Buying a van through your company
Unlike buying a car through your limited company, buying a van through your company can be quite tax effective.
So what do you need to be aware of?
Is it a van?
Well, firstly you need to be sure that the vehicle you are buying is classed as a van for tax purposes. The dealer you buy your van from should be able to confirm this. If it isn't a van, then it's a car and, unless it's very low emissions it won't be worthwhile buying this through your company. HMRC have quite a useful list of what they consider vans or cars here.
Whether you're buying a van through your company outright or via a hire purchase agreement, all documents must be in the company's name and all payments must go through the company's bank account.
VAT and corporation tax
The company can claim the full VAT on the purchase price - even if it's flat rate VAT accounting (assuming the van costs over £2k when purchased new).
The company will also be allowed to write off the full cost of the van in the year of purchase for corporation tax purposes - it will do this via its capital allowance claim. However as only a percentage of the van's cost will be allowed in the accounts as depreciation, this will invariably lead to a deferred tax charge in the company's accounts.
The flip side of this tax treatment is that you will have to charge VAT when you sell the van and the sales proceeds will be liable to corporation tax.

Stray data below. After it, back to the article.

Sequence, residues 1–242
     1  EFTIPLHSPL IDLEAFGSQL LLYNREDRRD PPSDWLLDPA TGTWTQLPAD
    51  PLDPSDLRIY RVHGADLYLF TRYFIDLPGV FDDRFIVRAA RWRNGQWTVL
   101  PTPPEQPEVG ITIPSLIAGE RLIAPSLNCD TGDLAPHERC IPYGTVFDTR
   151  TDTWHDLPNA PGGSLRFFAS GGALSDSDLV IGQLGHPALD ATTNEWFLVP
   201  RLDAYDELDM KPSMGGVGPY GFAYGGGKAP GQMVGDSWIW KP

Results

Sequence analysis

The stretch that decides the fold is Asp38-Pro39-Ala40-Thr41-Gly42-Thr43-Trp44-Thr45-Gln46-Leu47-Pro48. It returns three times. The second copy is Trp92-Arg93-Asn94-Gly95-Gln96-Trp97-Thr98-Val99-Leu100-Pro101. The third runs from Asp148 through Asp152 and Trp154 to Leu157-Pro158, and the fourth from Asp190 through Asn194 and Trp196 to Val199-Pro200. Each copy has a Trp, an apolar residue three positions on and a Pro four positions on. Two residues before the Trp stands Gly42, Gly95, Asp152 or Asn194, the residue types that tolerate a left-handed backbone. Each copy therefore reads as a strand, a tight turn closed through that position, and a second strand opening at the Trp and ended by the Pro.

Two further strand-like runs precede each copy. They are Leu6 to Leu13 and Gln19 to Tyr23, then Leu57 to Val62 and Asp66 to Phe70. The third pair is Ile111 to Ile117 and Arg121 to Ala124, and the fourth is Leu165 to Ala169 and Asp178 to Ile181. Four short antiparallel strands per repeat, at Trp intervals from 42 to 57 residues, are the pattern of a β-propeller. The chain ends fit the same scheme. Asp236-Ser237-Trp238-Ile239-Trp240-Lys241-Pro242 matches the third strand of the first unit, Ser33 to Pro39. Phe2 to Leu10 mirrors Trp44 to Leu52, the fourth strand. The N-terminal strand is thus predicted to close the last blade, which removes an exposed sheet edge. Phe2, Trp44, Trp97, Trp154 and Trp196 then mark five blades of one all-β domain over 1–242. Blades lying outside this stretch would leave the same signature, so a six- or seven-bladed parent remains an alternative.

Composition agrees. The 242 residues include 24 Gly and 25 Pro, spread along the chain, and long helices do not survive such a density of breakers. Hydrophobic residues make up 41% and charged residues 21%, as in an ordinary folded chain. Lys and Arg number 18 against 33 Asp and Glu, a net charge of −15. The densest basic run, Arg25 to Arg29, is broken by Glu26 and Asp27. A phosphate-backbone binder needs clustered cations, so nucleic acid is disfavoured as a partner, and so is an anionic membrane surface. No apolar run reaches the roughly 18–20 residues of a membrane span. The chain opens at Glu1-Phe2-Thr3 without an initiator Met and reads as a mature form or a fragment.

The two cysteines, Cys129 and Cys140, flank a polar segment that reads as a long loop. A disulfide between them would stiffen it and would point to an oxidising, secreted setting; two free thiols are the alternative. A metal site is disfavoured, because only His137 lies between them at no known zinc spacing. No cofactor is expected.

If you use the van for personal use, you will be liable to a benefit in kind charge on the personal usage - currently £3170 for the 2016-17 tax year. That means if you are a higher rate taxpayer you will incur an income tax charge of £1268 - £3170*40%.
If the company also pays all the fuel costs then you will have a benefit in kind for the personal use of the fuel as well - currently £598 for the 2016-17 tax year. Again, if you are a higher rate taxpayer you will have income tax to pay of £239.20 - £598 * 40%.
These benefits in kind will need to be reported to HMRC each year on a P11d. And the company will also be liable to Class 1a National Insurance on the total benefit - currently 13.8% for the 2016-17 tax year. So the company will have to pay Class 1a of £520 (£3170+£598 = £3768 * 13.8%).
If you do a lot of personal miles then you will want the company to pay all the fuel. However if most of your mileage is business, with very little personal use, you may be better off paying for all your fuel personally and recharging the company for any fuel used for business trips.
You can see the current van and fuel benefits in kind here.
However be aware that whether buying a van through your company is a good idea depends on current legislation and your personal circumstances - so always make sure you talk to your accountant before deciding what to do.